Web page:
Data from Eberhart (1970), Kirsten (1970), and Hintenberger (1970)
Cameron (1988) has confirmed that most of the SWV, 3He,
is contained in particles smaller than 50 microns.
At what temperature are the SWV's evolved from
As lunar regolith is heated, a very complex SWV release pattern
Gibson and Johnson (1971)
from Gibson and Johnson (1971)
The release of the noble gases (He, Ne, Ar, Kr, and Xe) from
lunar regolith reveals that progressively higher temperatures are required.
Original data from Pepin (1970) modified by Kuhlman (1996)
The peak release temperature for He from Apollo-11 regolith occurs
at 500 oC.
Original data from Pepin (1970) modified by Kuhlman (1996)
The conclusion of the data presented is that there are many trade-offs
to be considered before one picks a temperature at which the SWV of choice
is recovered. For the case of He, the maximum should be below 700-800 oC
because of the release of S compounds which may compromise the integrity
of the mining equipment.
Bula, R. J., Wittenberg, L. J., Tibbets, T. W., and Kulcinski, G. L.,
1988, "Potential of Derived Lunar Volatiles for Life Support",
p. 547 in The Second Conference on Lunar Bases and Space Activities of
the 21st Century, W. W. Mendell ed., NASA Conference Publication 3166,
Cameron, E. N., 1988, "Helium Mining on the Moon: Site Selection
and Evaluation", University of Wisconsin Technical Report, WCSAR-TR-AR3-8810-6.
Cameron, E. N., 1992, "Helium Resources of Mare Tranqillitatis",
University of Wisconsin Technical Report, WCSAR-TR-AR3-9207-1.
Cameron, E. N., 1993, "Evaluation of the Regolith of Mare Tranqillitatis
as a Source of Volatile Elements," University of Wisconsin Technical
Carrier, W. D. III, Mitchell, J. K., 1989
Eberhardt, P., et. al., 1970, "Trapped Solar Wind Noble Gases, Exposure
Age and K/Ar-age in Apollo-11 Lunar Fine Material", Proc. Apollo-11
Lunar Conf. 2:1037-1070.
Fegley, B., Jr., and Swindle, T. D., 1993, "Lunar Volatiles: Implications
for Lunar Resource Utilization", in Lewis, J., Matthews, M.S., and
Guerrieri, M. L., 1993, Editors, Resources of Near-Earth Space, University
of Arizona Press.
Gibson, E. K. Jr., and Johnson, F. S., 1971, Proceedings 2nd Lunar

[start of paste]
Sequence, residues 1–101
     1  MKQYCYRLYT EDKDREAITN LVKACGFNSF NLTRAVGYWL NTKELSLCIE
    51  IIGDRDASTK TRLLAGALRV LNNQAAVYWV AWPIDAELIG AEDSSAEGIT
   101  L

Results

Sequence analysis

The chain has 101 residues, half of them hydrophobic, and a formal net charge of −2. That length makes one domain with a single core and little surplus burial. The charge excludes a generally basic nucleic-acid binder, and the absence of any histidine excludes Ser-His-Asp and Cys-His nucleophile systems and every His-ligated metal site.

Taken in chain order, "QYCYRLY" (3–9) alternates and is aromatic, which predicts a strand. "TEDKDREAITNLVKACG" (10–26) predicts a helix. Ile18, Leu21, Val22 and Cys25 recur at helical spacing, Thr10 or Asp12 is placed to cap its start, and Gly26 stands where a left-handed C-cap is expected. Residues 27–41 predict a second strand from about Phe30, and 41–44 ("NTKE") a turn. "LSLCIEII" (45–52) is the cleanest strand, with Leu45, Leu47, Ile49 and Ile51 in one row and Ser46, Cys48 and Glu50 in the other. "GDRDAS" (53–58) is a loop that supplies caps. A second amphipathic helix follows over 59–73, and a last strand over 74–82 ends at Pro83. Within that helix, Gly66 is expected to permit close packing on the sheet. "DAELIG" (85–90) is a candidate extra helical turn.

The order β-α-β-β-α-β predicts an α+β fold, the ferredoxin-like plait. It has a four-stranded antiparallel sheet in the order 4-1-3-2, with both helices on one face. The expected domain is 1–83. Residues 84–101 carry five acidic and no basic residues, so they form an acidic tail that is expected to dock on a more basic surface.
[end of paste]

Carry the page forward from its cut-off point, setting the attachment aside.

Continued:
Sci. Conf., Vol. 2, p. 1351.
Haskin, L., 1988, "Water and Cheese From the Lunar Desert: Abundances
and Accessibility of H, C, and N on the Moon", P. 393 in The Second
Conference on Lunar Bases and Space Activities of the 21st Century,
W. W. Mendell ed., NASA Conference Publication 3166, Vol. 1
Heiken, G., et al, 1991, Lunar Source Book, Cambridge University
Press, Cambridge, 736p.
Hintenberger, H., et. al., 1970, "Concentrations and Isotopic Abundances
of the Rare Gases, Hydrogen and Nitrogen in Apollo-11 Lunar Matter",
Proc. Apollo-11 Lunar Conf. 2:1607-1625.
Horz, F., Gibbons, R. V., Gault, D. E., Hartung, J. B., and Brownlee,
D. E., 1975, "Some Correlation of Rock Exposure Ages and Regolith Dynamics",
Proc. 6th Lunar Sci. Conf., p. 3495-3508.
Kirsten, T., Muller, O., Steinbruhnn, F., and Zahringer, J., 1970, "Study
of Distribution and Variations of Rare Gases in Lunar Material by a Microprobe
Technique", Proc. Apollo-11 Lunar Conf. 2:1331-1343.
Kuhlman, K., 1996, unpublished data.
Pepin, R. O., Nyquist, L. E., Phinney, D., and Black, D. C., 1970, "Rare
Gases in Apollo 11 Lunar Material", Proc. Apollo 11 Lunar Sci. Conf.,
Swindle, T. D., Glass, C. E., and Poulton, M. M., 1990, "Mining
Lunar Soils for 3He", UA/NASA Space Engineering Research
Center TM-90/1 (Tucson: UA/NASA SERC).
Taylor, G. J., 1995, Univ. of Hawaii, artwork on the food and soft drinks
1.) Compare the energy required to extract 1 kg of 3He from
lunar regolith at 700 oC to that required at 900 oC.
Use the data presented in class for the evolution as a function of temperature
and be clear about your assumptions on the thermal properties of lunar regolith
2.) Reproduce L. Haskin's calculation on the amount of food one could
produce from the Solar Wind Volatiles in 1 m3 of lunar regolith.
3.) Discuss the engineering considerations that you would have to consider
if you wanted to gather the maximum amount of nitrogen from lunar regolith.